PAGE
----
Newsletter No 23 28 March 2006
 
Readership & Circulation:
Young Jordan Daily Relies on Subscribers

Al Ghad newspaper is the first independent and private daily in Jordan. It was launched in August 2004. Eighteen months later, according to Ipsos Stat Jordan, it is one of the country's leading newspapers, with a circulation of more than 55,000. Almost 70 per cent of its readers are subscribers; an unusual figure for papers in the region.

“We chose to employ a unique approach to penetrate the market, so instead of having readers buy Al Ghad off newsstands, they can now find it on their doorstep every morning before any other newspaper,” says Ala’a Qassim, General Manager of the newspaper.

But how did a new daily manage to obtain such a share of subscriptions in a country where newsstands are the preferred method to buy newspapers? Attracting potential subscribers with appealing offers and catering for subscribers' needs are two of the keys.

The first step was creating expectation for the newspaper. Al Ghad launched a full-scale multi media teaser campaign before it hit newsstands, and offered complimentary one-month subscriptions across the kingdom to introduce the newspaper to readers.

Al Ghad took advantage of another publication of the group, Al Waseet, to reach the biggest number of households in Amman. Al Waseet is a free advertising weekly-distributed door to door in within the capital. Al Ghad used its database to reach potential subscribers.

After the first month, the daily started a telemarketing campaign offering annual subscriptions for JOD 30 (USD 42). “In the first three months we registered 6,000 subscribers and after a year we had achieved 21,000, something surprising in a country were the rest of the dailies' subscribers combined together barely make up 8,000” says Qassim.

The price was a main reason for that success. It represents almost a 60% reduction compared to a daily purchase during a year. Other newspapers charge JOD 75. “If the reader is paying in advance we have to add value to his/her investment,” he says.

The telemarketing campaign was reinforced by a prize drawing of a luxury car every month for three months. The paper decided to offer three luxury prizes rather than a big quantity of small tokens.

“We wanted something valuable for our subscriber because we were targeting a concrete niche audience: business men, decision makers and youth with high income. They are easier to convince in order to subscribe than other audiences,” Qassim says.

But, to keep attracting mass audience to the newspaper, Al Ghad bought air space in a local TV station and broadcasted a quiz show directly related to the content of the newspaper for ten months. ‘Ainak Ala Al Ghad’ (keep your eye on Al Ghad) offered prizes to those who answered correctly to questions about the newspaper content.

To retain subscribers, Al Ghad relied on a fundamental strategy: building up their loyalty. For its first anniversary, the paper offered them a book by one of its more popular columnists and a travel life insurance. Moreover, on mother’s day they sent every subscriber a pack of candies with a card dedicated to mothers.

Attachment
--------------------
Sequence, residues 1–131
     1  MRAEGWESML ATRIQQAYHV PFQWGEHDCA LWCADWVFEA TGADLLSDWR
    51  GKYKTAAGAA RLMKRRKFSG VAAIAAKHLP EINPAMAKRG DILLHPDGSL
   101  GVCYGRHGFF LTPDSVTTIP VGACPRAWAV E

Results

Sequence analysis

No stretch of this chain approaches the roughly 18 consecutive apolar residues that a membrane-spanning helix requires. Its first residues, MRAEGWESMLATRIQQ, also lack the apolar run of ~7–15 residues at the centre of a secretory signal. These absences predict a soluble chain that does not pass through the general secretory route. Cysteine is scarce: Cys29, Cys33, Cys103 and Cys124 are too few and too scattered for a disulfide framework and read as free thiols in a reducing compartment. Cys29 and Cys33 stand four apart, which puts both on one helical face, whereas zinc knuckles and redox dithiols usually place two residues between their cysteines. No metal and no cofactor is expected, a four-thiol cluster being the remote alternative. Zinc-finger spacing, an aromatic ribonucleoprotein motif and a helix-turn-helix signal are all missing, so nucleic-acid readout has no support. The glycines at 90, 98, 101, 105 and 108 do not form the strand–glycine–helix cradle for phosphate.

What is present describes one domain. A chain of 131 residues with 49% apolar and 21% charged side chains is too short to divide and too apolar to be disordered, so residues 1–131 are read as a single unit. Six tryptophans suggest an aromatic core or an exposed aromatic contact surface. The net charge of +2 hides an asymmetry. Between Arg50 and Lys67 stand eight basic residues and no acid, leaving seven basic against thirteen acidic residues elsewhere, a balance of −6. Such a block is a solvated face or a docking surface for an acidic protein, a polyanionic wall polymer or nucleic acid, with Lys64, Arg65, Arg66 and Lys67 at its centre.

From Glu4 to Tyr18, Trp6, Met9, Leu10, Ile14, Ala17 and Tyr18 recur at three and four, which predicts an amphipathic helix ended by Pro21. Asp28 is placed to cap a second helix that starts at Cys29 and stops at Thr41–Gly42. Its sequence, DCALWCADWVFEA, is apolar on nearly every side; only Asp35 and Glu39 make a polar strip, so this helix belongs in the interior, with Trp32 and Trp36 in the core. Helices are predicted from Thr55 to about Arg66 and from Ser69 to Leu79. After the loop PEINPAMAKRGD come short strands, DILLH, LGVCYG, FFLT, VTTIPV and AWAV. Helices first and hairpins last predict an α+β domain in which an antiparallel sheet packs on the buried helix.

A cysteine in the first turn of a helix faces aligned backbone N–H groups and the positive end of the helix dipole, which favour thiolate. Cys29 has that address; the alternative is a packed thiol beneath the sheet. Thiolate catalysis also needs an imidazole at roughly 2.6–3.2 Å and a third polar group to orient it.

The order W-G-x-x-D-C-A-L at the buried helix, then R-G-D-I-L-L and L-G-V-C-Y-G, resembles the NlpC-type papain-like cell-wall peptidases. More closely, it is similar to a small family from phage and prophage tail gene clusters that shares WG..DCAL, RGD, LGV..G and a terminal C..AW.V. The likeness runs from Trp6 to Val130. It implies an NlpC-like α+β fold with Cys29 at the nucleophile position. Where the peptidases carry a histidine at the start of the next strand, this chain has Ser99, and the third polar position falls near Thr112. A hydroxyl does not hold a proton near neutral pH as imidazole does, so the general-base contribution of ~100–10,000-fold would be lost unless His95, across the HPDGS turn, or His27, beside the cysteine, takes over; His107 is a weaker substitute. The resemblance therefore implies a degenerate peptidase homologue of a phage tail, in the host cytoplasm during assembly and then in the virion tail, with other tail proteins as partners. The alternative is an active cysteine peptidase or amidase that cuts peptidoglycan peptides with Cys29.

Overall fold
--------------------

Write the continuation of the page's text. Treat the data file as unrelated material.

But much more important have been listening to what subscribers have to say. “Each subscriber receives a follow up phone call approximately every three months in order to know their comments on the newspaper,” says Qassim.

As a result of this follow up the newspaper has introduced some changes in the layout and in content, like adding more local social and cultural stories.

Nowadays, Al Ghad has over 35,000 subscribers and the number keeps increasing by about 1,500 each month, Qassim says. Copy sales and renting its printing facilities for commercial catalogues and newsletters represents 40% of the paper’s total revenue.

Advertising represents the other 60% and it is increasing, says Qassim. “You have to advertise in Al Ghad because of subscriptions. This is a confirmed clientele base everyday.”

However, it is not only about having readers, but also about knowing who reads you. “We have the complete demographics of our readers,” says Qassim. “We obtain them through the feedback collected by the call center, our sophisticated database and through a third party, Ipsos-Stat, a survey-based market research company.”

“Advertisers look for categories and we know those categories exist,” says Qassim. “For instance, two automobile companies, Kia and Hyundai, are looking for a target audience aged between 25 and 30, employed and with high income. Thanks to their research we know that we reach them and therefore can offer advertisers what they want. Other papers cannot provide this king of detailed information.”

Facts about the newspaper
Al Ghad is a 60-page broadsheet. It has 40 full-color pages. It is printed in a high quality 52 grams web white paper with brightness of 8%. “The quality of the paper and the layout is one of the main reasons of our success for both the reader and advertiser,” says Qassim.

The daily has its own building with printing facilities and created its own distribution network.

Although the biggest share of subscribers is in Amman, the paper reaches all the major cities in the Kingdom. Subscribers in Amman find their copy at 05:00 am while it is delivered to the rest of the country two hours later. The paper is sold in newsstands at JOD 0.20.

It has a staff of 285 of which about a hundred in the editorial. The average age of the employees is under 26.

Owned by four Jordanian shareholders, Al Ghad is about to break even, says Qassim. “This is an outstanding result for a newspaper that has been in the market for a year and a half.”